(1825-1903). Rosalie Priour, pioneer, merchant, and autobiographer, was born on August 1, 1825 ;in Ballymoney, Wexford County, Ireland, the youngest of the ten children of Tom an Elizabeth (O'Leary) Hart. she was christened Bridget and given the name Rosalie, by which she was subsequently known, at her confirmation. She sailed to Texas in 1834 with her parents, who were settlers in the Power and Hewetson colony.(qv) Her father died of cholera the day the family landed at Copano, and the widow and her two surviving daughters lived at Refugio until the Texas Revolution.qv The family fled before the Mexican armies and obtained passage on the American steamship Tensaw, bound for New Orleans. A Mexican cruiser tried to intercept the Tensaw, but the steamship sped away and put in at Mobile and Tuscaloosa. The family lived for the next several years in Mobile and Tuscaloosa. Rosalie Hart was married on October 29, 1844, to Jean Marie Priour, a French gardener who later became a United States citizen, at Mobile. She and her husband joined the widow Hart in Corpus Christi after the Mexican War.(qv) There Mrs. Priour and her mother operated a commission mercantile trade in the 1850s. Their correspondence with lawyers and agents in New Orleans and Mobile, much of it in French, provides a great deal of information about business condition in Corpus Christi. During the Civil War(qv) Rosalie Priour was the only teach at Corpus Christi Academy.(qv) Her husband remained neutral during the war, and his skill as a huntsman and gardener enabled the family to survive. The Priours had ten children, two of whom died in infancy. Late in life Mrs. Priour wrote three drafts of an autobiography that narrated her life up to the end of the Civil War. She died on August 24, 1903, in Corpus Christi.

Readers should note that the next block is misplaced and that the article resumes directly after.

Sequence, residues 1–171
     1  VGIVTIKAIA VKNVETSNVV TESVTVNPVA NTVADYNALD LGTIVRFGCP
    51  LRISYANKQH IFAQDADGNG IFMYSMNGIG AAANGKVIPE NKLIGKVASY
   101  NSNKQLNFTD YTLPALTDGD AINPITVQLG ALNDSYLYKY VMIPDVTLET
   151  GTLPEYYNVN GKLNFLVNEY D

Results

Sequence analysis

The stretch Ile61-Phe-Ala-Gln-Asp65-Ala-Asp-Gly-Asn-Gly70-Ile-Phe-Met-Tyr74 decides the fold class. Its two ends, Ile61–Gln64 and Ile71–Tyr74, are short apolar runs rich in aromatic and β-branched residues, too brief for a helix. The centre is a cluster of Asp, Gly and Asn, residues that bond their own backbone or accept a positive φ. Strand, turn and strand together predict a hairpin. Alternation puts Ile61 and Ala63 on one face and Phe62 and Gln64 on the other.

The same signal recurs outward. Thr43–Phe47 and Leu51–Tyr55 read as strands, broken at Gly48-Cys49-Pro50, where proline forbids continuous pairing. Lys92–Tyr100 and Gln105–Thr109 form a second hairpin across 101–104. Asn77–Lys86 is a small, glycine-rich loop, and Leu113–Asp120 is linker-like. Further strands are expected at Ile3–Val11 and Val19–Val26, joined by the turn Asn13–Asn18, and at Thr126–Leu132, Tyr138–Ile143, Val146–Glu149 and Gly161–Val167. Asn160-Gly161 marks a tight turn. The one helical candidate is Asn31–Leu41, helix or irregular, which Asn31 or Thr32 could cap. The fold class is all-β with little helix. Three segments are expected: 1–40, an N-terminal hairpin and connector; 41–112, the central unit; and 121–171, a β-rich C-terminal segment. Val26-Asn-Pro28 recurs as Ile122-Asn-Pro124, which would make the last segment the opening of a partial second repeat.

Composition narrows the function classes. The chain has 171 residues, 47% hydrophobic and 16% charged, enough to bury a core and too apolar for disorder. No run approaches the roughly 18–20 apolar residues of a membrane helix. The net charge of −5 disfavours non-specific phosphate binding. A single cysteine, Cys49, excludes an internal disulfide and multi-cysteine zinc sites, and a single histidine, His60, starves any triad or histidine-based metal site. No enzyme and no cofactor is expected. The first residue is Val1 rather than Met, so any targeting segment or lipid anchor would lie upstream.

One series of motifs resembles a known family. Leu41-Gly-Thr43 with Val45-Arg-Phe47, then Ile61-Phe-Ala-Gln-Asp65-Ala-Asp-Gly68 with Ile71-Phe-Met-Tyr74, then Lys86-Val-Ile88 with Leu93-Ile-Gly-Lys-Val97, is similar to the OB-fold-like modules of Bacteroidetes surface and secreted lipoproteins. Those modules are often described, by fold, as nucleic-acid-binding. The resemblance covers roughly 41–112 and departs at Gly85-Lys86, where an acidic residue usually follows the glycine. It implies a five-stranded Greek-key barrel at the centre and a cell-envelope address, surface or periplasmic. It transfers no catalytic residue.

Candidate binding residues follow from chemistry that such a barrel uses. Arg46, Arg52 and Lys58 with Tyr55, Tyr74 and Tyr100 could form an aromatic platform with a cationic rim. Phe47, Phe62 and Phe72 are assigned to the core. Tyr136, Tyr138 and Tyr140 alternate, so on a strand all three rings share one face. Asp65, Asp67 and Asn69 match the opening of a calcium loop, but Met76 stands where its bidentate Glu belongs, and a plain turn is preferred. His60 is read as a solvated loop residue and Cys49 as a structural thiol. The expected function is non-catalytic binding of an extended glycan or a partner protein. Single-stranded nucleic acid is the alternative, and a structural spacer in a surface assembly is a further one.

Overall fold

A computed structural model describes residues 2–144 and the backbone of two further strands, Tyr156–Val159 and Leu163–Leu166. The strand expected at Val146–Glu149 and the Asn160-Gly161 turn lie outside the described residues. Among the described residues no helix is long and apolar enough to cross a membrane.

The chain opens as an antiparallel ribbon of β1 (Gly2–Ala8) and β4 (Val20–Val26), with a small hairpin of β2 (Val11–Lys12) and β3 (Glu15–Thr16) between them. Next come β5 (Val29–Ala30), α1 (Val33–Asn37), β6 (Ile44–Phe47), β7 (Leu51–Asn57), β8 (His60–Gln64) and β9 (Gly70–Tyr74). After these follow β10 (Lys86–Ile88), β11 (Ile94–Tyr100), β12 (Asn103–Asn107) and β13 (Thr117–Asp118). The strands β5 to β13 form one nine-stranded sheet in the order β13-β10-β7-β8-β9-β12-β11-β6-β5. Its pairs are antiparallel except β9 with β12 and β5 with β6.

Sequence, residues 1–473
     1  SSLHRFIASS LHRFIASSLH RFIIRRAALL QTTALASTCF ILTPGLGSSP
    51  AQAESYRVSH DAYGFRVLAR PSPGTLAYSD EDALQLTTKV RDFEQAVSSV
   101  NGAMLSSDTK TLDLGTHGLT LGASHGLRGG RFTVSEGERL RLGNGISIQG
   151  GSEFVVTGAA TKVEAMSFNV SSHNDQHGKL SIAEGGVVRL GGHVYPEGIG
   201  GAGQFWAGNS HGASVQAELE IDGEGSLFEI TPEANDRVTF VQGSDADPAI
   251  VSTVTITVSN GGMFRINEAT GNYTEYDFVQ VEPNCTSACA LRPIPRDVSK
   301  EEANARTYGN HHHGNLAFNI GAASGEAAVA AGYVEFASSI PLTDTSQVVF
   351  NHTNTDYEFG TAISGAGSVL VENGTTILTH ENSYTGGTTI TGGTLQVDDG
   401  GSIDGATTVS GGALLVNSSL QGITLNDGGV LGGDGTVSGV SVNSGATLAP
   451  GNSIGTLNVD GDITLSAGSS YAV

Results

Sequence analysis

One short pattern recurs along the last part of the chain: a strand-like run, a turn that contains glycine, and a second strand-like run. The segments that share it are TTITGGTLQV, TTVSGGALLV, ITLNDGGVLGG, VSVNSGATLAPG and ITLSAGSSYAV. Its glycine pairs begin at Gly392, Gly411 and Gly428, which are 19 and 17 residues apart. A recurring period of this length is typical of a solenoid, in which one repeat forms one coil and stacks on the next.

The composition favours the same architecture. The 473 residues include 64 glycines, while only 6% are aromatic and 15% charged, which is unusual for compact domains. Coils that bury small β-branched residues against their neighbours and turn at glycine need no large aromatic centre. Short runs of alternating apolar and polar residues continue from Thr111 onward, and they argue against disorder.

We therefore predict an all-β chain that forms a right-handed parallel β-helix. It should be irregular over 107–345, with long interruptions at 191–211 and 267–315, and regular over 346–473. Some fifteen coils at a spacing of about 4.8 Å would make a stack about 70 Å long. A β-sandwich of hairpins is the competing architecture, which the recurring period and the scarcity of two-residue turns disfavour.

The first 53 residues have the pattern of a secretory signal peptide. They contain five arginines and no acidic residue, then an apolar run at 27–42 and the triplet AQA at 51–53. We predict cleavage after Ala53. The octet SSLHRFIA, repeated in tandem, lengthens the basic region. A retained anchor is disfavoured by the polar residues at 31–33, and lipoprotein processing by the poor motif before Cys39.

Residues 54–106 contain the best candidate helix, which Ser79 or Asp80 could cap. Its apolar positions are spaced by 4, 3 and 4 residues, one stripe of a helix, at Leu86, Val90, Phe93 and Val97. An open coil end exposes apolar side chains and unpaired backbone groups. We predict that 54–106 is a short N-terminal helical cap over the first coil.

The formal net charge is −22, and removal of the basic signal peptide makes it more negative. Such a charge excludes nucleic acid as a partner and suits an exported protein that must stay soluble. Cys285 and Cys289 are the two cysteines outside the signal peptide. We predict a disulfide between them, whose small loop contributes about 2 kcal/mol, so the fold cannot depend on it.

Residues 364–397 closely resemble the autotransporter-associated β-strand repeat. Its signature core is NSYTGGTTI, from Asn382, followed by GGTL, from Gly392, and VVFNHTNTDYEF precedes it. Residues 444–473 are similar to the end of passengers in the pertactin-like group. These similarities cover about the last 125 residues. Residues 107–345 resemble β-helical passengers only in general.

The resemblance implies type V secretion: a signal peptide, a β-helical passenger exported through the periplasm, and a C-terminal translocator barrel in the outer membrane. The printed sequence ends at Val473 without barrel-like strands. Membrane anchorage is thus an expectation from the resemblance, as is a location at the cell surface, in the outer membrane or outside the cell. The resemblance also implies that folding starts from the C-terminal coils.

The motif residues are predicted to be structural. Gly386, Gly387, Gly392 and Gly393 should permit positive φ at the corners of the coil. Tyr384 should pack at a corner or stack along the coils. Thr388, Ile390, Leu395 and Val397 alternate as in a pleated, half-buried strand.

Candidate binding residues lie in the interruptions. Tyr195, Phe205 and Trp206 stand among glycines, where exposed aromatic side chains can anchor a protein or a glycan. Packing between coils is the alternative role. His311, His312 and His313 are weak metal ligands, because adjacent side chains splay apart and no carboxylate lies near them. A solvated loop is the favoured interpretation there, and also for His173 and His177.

Bibliography: Sally Garwood Robeau, Of Pride and Pioneers: A Story of the Priour Family (n.d).